I believe I performed reasonably well on them. But, of course, I haven’t heard a thing back! — because now the staff members have to take time out of their overloaded schedules to review my work and make a decision, check my references, and whatever else, during a time when it’s not critical to add new freelancers to their roster. If they decide I’m not up to snuff, then they have to find a way to let me down gently (which task, naturally, they’ll put on the back burner. If they’re lucky, I’ll make it easier for them by not following up). If they want me, they still have to find the time to contact me and go through the formalities.

    But I don’t resent them for all this; it’s part of the business. It’s hard to start up with new people; always a risk, and loss of precious time and money if you make a bad call (especially in this era when we’ll likely never meet each other). The cycle of test-taking helps everyone get a better idea of what they’re getting into. If I’m ever in the position of hiring somebody, I’d sure as heck want to see something of their work!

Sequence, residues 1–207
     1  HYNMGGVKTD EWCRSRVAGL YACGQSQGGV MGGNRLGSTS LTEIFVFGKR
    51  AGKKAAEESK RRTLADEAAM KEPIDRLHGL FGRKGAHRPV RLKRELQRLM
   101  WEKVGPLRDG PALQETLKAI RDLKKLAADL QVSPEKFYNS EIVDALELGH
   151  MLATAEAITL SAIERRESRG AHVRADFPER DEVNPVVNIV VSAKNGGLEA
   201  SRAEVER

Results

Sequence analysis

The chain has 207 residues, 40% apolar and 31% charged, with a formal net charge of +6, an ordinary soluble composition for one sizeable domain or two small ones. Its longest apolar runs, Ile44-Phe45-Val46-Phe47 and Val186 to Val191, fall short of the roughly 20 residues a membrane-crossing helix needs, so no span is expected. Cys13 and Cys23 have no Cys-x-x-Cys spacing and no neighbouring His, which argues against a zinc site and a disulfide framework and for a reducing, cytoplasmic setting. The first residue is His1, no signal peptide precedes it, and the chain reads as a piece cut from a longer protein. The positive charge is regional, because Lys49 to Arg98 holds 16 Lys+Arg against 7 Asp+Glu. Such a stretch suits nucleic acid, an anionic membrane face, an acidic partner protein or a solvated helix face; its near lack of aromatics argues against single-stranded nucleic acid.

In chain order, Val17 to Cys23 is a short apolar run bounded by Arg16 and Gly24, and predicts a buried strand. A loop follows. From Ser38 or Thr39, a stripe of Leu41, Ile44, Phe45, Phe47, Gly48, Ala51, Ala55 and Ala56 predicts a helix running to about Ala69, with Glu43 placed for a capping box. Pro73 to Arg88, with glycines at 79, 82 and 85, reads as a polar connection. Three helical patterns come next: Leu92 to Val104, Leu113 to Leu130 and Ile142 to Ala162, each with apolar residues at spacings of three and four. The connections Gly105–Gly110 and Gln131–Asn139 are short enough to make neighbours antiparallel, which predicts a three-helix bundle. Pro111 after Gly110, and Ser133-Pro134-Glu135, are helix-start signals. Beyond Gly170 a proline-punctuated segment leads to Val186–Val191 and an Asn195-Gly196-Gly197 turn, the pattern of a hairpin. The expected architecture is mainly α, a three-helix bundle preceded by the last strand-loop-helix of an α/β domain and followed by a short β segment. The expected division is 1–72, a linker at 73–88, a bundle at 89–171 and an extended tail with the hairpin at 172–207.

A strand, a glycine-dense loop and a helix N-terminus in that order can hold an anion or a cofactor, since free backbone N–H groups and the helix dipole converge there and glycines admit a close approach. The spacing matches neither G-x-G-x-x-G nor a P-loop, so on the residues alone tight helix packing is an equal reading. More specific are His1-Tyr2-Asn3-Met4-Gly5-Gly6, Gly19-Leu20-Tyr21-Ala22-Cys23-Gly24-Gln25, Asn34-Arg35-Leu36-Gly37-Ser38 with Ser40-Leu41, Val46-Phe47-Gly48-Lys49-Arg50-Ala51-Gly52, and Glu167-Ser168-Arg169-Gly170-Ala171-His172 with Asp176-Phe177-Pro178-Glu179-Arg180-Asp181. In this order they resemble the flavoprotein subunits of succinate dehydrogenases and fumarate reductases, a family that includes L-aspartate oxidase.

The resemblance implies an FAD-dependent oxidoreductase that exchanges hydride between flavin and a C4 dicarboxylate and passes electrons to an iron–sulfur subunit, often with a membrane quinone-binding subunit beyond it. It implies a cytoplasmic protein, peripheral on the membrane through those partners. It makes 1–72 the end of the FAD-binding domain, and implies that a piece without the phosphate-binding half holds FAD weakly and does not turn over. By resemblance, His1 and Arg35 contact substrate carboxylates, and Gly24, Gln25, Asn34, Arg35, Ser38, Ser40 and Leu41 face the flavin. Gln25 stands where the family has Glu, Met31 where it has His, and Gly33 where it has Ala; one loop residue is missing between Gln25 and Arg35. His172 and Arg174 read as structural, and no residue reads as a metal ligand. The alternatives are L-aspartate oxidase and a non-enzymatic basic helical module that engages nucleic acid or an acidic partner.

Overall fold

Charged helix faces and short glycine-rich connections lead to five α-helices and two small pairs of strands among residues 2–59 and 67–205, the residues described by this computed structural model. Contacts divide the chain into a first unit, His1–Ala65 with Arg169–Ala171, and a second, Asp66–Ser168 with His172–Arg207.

Comment by Carolyn — February 13, 2012 @ 7:15 am | Reply

  3. Imagine that you want to hire someone to paint your house. Would you ask the painter to paint a sample wall, at no charge? No. You’d ask around to see what other people thought of this contractor.

    Editing is a little different because you don’t hire only local people, but references should play a big role. Also, perhaps, a questionnaire describing previous books edited, and what kind of editing you did on each project, as well as determining your approach to editing, as each client may want something different.

    Another approach would be to pay the potential editor to edit the first chapter (assuming it’s a book) and then make a decision on the basis of that.


    Comment by Gretchen — February 13, 2012 @ 8:57 am | Reply

    • In the case of the painter, I would ask for a list of houses he had paintedd in the area and I’d check them out as well as speak to the owners. I can see a sample of the painter’s work, even if he/she didn’t paint a sample wall for me.

      As you note editors are different. Most books do not list the name of the editor, so I have no way of verifying that an editor actually edited a book unless I inquired of the press. But even then, I am unlikely to find out. Most presses would no more comment on an editor’s competence than on the reason for firing an employee.

      I think the length of tests need to be short. I personally put a time limit on how much time I will sepnd taking a test. Once I reach that limit I stop. I will submit the test with an explanation as to why it is not complete. I also use a test to gauge whether I would wnat to work for a press. If they send me what I consider to be an abusive test, for example, one that is 15 pages or longer, I simply don’t bother. I know I am not going to be happy working with that press. OTOH, a 2- to 3-page test is not unreasonable.